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TABLE 2. Summaries of the TCM for suppression of P. aeruginosa QS.

Inhibition of Biofilm

A biofilm is an aggregate of microorganisms in which cells adhere to each other on a static surface, and the adherent cells are embedded within a self-produced matrix of extracellular polymeric substances (EPS), consisting of polysaccharides, proteins, DNA and lipids (Donlan, 2002). Generally, biofilm formation can be divided into five steps: 1) initial attachment of planktonic bacteria to a surface; 2) microcolony formation; 3) formation of matrix by producing EPS; 4) maturation of biofilm into a three-dimensional structure; 5) detachment and dispersion of the biofilm (Figure 3)(Jamal et al., 2018; O'Toole et al., 2000). Bacteria in biofilm are more resistant to antimicrobial agents than planktonic cells because of the poor antibiotic penetration, reduced metabolic and growth rates, induction of adaptive stress responses, and formation of persister cells in biofilm microenvironment (Stewart, 2002; Hoiby et al., 2010). Importantly, approximate 80% of chronic infections are associated with biofilm formation (Jamal et al., 2018). Disruption of biofilm is critical for controlling persistent bacterial infections.

FIGURE 3
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FIGURE 3. Schematic illustration of the steps involved in P. aeruginosa biofilm formation. The formation of P. aeruginosa biofilm has five steps: (A) initial attachment of planktonic bacteria to a surface; (B) microcolony formation; (C) formation of EPS matrix; (D) development and maturation; (E) detachment and dispersion.

Pseudomonas aeruginosa is a major cause of chronic respiratory infections in CF patients, leading to declined pulmonary function and ultimate mortality (Lyczak et al., 2002). Formation of P. aeruginosa biofilm is regulated by QS systems, two-component regulatory systems, exopolysaccharides and bis-(3′–5′)-cyclic dimeric guanosine monophosphate (c-di-GMP)(Rasamiravaka et al., 2015). Two-component regulatory systems consist of a sensor kinase and a response regulator, which are essential for signaling transduction in bacteria in response to environment stimuli (Mikkelsen et al., 2011). The two-component regulatory systems GacS/GacA and RetS/LadS are responsible for regulation of P. aeruginosa biofilm formation (Rasamiravaka et al., 2015). The exopolysaccharides produced by P. aeruginosa include alginate, Pel and Psl, which contribute to biofilm development and stabilize biofilm architecture (Ghafoor et al., 2011). The c-di-GMP is a nucleotide second messenger that regulates plentiful cellular processes in bacteria, and high levels of c-di-GMP repress bacterial motility and induce production of exopolysaccharides, which promote P. aeruginosa biofilm formation (Ha and O'Toole, 2015).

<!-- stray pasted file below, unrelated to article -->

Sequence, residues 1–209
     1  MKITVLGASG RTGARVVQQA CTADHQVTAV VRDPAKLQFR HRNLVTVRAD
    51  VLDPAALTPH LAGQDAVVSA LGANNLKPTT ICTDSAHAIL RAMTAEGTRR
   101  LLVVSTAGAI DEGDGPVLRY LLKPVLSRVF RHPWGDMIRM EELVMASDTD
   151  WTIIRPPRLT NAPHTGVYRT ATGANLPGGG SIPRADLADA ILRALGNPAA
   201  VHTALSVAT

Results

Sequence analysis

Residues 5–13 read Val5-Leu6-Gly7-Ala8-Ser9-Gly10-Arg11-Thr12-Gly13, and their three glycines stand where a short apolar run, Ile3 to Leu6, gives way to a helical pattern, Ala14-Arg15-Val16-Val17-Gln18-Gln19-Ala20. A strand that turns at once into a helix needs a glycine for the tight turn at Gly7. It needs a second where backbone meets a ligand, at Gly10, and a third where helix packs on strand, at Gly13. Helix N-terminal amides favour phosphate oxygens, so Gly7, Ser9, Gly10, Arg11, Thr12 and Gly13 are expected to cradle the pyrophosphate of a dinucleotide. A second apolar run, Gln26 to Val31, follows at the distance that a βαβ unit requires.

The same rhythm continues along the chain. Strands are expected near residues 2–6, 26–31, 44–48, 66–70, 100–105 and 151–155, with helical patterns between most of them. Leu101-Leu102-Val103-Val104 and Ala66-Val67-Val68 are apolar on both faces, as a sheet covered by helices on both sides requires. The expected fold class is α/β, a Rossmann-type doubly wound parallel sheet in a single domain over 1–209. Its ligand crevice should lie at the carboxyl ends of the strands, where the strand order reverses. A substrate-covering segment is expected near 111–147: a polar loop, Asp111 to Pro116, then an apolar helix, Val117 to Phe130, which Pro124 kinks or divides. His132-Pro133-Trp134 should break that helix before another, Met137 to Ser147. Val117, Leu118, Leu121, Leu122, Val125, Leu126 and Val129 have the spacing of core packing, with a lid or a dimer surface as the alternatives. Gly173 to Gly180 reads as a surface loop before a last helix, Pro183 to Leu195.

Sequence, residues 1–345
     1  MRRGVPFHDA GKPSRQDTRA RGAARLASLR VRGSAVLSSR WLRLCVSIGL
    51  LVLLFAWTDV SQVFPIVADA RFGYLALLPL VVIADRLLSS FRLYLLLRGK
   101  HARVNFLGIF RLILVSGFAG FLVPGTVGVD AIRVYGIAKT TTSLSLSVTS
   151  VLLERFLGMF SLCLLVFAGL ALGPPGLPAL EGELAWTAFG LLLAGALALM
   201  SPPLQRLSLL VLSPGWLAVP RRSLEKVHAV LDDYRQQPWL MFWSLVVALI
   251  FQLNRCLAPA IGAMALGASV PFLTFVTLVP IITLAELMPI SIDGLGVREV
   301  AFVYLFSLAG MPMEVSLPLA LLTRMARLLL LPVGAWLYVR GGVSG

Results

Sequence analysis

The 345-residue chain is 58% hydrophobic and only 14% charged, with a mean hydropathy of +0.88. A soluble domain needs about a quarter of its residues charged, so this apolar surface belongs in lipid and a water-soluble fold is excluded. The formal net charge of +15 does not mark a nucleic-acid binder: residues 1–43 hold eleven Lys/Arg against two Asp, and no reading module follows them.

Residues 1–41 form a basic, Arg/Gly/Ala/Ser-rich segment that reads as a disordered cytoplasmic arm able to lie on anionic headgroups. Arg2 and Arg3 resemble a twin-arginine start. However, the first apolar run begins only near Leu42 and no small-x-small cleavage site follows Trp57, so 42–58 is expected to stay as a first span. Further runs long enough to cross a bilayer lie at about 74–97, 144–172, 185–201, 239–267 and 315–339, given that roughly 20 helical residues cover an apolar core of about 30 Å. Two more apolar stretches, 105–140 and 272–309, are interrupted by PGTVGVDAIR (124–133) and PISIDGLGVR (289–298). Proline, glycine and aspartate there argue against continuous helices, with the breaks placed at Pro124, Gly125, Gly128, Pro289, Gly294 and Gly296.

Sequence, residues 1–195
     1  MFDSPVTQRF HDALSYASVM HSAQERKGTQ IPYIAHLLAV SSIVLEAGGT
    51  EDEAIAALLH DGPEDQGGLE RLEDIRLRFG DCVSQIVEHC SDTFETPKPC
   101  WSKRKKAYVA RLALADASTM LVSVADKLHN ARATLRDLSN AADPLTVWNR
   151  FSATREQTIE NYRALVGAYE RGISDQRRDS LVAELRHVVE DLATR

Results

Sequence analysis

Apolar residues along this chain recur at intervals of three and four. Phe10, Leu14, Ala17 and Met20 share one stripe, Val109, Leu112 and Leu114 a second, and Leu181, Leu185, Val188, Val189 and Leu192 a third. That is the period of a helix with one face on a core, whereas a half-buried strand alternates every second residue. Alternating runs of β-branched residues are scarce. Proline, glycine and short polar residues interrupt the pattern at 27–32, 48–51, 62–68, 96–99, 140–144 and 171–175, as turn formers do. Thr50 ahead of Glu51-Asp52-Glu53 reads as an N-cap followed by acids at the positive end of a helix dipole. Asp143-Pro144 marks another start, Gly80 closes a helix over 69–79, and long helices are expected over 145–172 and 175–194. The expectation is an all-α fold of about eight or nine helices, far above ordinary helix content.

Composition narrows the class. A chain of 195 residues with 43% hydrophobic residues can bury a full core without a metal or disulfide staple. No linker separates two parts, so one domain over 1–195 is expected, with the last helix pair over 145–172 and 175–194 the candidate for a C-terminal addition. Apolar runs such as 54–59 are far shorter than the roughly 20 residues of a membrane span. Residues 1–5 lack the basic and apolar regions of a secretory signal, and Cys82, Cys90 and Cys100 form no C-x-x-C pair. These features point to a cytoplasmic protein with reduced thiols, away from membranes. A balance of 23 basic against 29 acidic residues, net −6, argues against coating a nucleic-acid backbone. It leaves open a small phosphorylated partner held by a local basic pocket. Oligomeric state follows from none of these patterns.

TCM botanical drugs have manifested inhibitory effects on P. aeruginosa biofilm (Table 3)(Fu et al., 2017; Wang T. et al., 2019; Xu Z. et al., 2019). Herba patriniae, also known as Bai Jiang Cao, is a TCM for heat-clearing and detoxication, consisting of two species of Caprifoliaceae family, Patrinia scabiosifolia Link (Caprifoliaceae) and Patrinia villosa Juss. (Caprifoliaceae) (Gong et al., 2021). Fu et al. reported that the water extract of Herba patriniae was able to disrupt the biofilm formation and alter the biofilm structure of P. aeruginosa PAO1 through inhibition of exopolysaccharide production and biofilm-associated genes including algU, pslM, pelA, algA, and bdlA (Fu et al., 2017). However, the authors did not specify the species of Herba patriniae in this study. Additionally, the mild side effects including temporary leukopenia, dizziness and nausea could be found in the patients treated with inappropriate dose of Herba Patriniae (Gong et al., 2021). As mentioned earlier, sodium houttuyfonate from H. cordata Thunb. could inhibit P. aeruginosa QS systems (Wu et al., 2014). A study by Wang et al. identified that sodium houttuyfonate was able to penetrate P. aeruginosa biofilm and suppress biofilm dispersion by inhibiting the expression of the key biofilm regulator BdlA (Wang T. et al., 2019). Moreover, Wu et al. set up a rat model of P. aeruginosa biofilm infections in airway, and they found that sodium houttuyfonate destructed biofilm formation and the sodium houttuyfonate-treated rat displayed reduced symptoms and pulmonary inflammation (Wu et al., 2016). Zeng et al. examined the effects of several TCM chemical compounds on P. aeruginosa biofilm and found that the Baicalin and Baicalein from S. baicalensis Georgi, the Esculetin and Esculin from Fraxinus chinensis subsp. rhynchophylla (Hance) A.E.Murray (Oleaceae), and the Psoralen from Cullen corylifolium (L.) Medik (Leguminosae) could significantly reduce the mass of P. aeruginosa biofilm (Zeng et al., 2008). The mechanisms involved in the reduction of biofilm biomass by the three active compounds need to be further explored. Furthermore, the side effects of F. chinensis subsp. rhynchophylla (Hance) A.E.Murray and C. corylifolium (L.) Medik have not yet been clinically reported. Ligustrum sinense Lour. (Oleaceae) is an evergreen shrub used in TCM for their anti-oxidative, anti-tumor, and diuretic properties (Ouyang et al., 2003; Yang et al., 2013), and the side effects of this TCM are not clear. A previous study revealed that the water-soluble extract of L. sinense Lour. (4 mg/ml) could strongly decrease the biomass of P. aeruginosa biofilm, and 1.35 mg/ml of this extract displayed a synergistic inhibitory effect with gentamycin sulphate (2 mg/ml) on the growth of P. aeruginosa PAO1 (Yang et al., 2013). Shuanghuanglian is an antiviral and antibacterial TCM formula comprised of the flower bud of L. japonica Thunb., the root of S. baicalensis Georgi, and the fruit of F. suspensa (Thunb.) Vahl (Yan et al., 2013), and Shuanghuanglian injection has been reported to induce skin allergic reactions (Wang et al., 2010). Xu et al. demonstrated that the Lonicerin, a flavonoid from the Shuanghuanglian component L. japonica Thunb., inhibited the alginate secretion of P. aeruginosa by sequestering alginate secretion protein AlgE, thus leading to reduced P. aeruginosa biofilm formation (Xu Z. et al., 2019). Qingre Baidu mixture is a TCM formula composed of A. sinensis (Oliv.) Diels, Viola mandshurica W.Becker (Violaceae), the flower bud of L. japonica Thunb., Paeonia lactiflora pall. (Paeoniaceae), Salvia miltiorrhiza Bunge (Lamiaceae; Salviae miltiorrhizae radix et rhizome), F. suspensa (Thunb.) Vahl, the root of A. mongholicus Bunge, Gleditsia sinensis Lam. (Leguminosae) and Glycyrrhiza glabra L. (Leguminosae)(Zhang et al., 2020), and the adverse reactions of this TCM formula are unclear. Shan et al. applied Qingre Baidu mixture to a rat model of refractory wound through oral administration with a dose of 40 mg for every kg of body weight, and discovered that Qingre Baidu mixture could inhibit the biofilm formation of P. aeruginosa through downregulation of a self-inducer molecule AI2, important for regulation of biofilm development in P. aeruginosa (Shan et al., 2019). In addition, the QS inhibitory TCM Qi Gui Yin has exhibited downregulation of the expression of biofilm-related gene ArcA and IscU in P. aeruginosa (Ding et al., 2021a). The andrographolide compounds from A. paniculata (Burm.f.) Nees mentioned earlier could inhibit the biofilm formation of P. aeruginosa PA22 by 69–84% and PA247 by 23–56% at a concentration of 5 mg/ml (Tan Lim et al., 2021), and the chloroform extract of A. paniculata (Burm.f.) Nees inhibited the biofilm of P. aeruginosa PAO1 by 75.2% at a concentration of 1.25 mg/ml (Banerjee et al., 2017).